Challenges To Internal Security Of India By Ashok Kumar Free Download PATCHED
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Challenges To Internal Security Of India By Ashok Kumar Free Download
when people are disconnected from the economy, they also lose access to the security provided by the government. there are several programmes in india that provide individuals with a basic level of protection against criminals, but after an individual has done the prescribed processes, there is no longer a guarantee that they are not a target for any criminals. the struggle of an individual seeking to stay out of harms way against the criminals is a fight against inequality.
in addition to this, there are several other security threats to individuals that also result in the rise of inequality. the risks are not only becoming more of an issue in low-income neighbourhoods, but also occurring in middle and upper-income circles. the recent incident that occurred in mumbai proves this point.
the recent rise in violent crimes and the high rates of rape, murder, and rapes that have occurred in india show that the problems that exist in urban india are not only occurring in low-income neighbourhoods.
from the perspective of comparative politics, the regional political economy of china and india defines the contours of an evolving global political economy. the chapter illustrates how the evolution of the international division of labour and the changing patterns of international production have reshaped the contemporary political economy of india and china and, more broadly, the global political economy.
kumar argues that a structural interplay between state-led development models, rising globalisation and the changing international division of labour has refigured the regional political economy of both india and china. he proposes that the global division of labour is a transformative development in itself, with clear implications for both national and global politics. in contrast to other studies, however, his analysis focuses on the political economy of china and india and pays less attention to other developing countries. kumar thus argues that internationalisation of production has reshaped the political economy of both countries. in india, he claims, competition for investment flows, public investment, and supply-side reforms has created an increasingly unequal political economy. in china, he argues, the political economy of the state’s large and growing role in production and employment was the original source of political-economic inequalities and it remains a primary source of inequality in global terms. drawing on research by the mckinsey global institute, he also argues that the technological and structural innovations required to sustain international productivity increases for decades to come will, as a consequence, exacerbate the economic and political inequality between countries and thus create a global political economy with winners and losers.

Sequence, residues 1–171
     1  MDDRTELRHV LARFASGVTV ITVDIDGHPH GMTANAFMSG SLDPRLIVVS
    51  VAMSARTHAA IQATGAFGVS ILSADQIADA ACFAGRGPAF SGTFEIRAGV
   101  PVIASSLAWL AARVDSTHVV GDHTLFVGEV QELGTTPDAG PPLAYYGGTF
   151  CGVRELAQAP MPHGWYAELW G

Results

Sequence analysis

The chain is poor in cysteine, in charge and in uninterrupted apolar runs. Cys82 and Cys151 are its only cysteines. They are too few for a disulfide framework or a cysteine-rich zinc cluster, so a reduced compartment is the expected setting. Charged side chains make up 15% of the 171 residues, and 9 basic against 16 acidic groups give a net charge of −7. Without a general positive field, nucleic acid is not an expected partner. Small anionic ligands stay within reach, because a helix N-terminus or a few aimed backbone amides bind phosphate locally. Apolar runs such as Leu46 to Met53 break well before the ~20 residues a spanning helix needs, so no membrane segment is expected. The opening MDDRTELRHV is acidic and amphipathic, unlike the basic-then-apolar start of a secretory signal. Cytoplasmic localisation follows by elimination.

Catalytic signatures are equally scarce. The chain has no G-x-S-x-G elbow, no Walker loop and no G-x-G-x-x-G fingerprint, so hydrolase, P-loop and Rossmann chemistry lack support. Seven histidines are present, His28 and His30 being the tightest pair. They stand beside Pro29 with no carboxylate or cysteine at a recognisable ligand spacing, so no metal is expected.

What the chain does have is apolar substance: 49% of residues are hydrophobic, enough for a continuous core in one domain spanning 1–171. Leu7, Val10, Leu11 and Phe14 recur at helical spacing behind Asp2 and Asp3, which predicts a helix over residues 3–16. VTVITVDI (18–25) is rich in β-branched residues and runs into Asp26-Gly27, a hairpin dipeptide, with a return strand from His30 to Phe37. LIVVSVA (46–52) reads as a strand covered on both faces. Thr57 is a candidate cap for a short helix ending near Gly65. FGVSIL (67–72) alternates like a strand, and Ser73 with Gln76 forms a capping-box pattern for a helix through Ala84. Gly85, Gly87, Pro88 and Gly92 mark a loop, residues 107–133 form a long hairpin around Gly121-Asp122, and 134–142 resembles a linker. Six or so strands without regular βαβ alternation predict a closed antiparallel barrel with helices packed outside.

the manner in which worker exploitation takes place can vary widely between different countries, regions, and firms. its form is bound up with context-specific forms of labor markets and local employment relations. we’ll return to these below. however, one common element of exploitation across low- and middle-income countries is the tendency for employers to exert significant control over workers in the workplace. a detailed look at this control can be found in chapter 5.
dr. ashok kumar is an ips officer of the state of uttarakhand in india. with a phd in economics, having conducted research in the fields of labour economics and development economics, he has been one of the prime movers behind several unique projects in the state of uttarakhand, in which he has used the various administrative mechanisms of the government to help poor people who find themselves struggling due to socio-economic factors that play an integral role in indian society. his recent work on monopsony capitalism: power and production in the twilight of the sweatshop age, currently available from his website https://www.authordavekumar.com/
as the internet has become mainstream, more and more people in india have become connected to the global economy. this has caused an increase in income disparities throughout the country. some people who participate in the digital economy stand to gain tremendously, while others who do not participate are left with less access to jobs and opportunities. these changes in the economy of the digital age have led to a rise in criminal activity.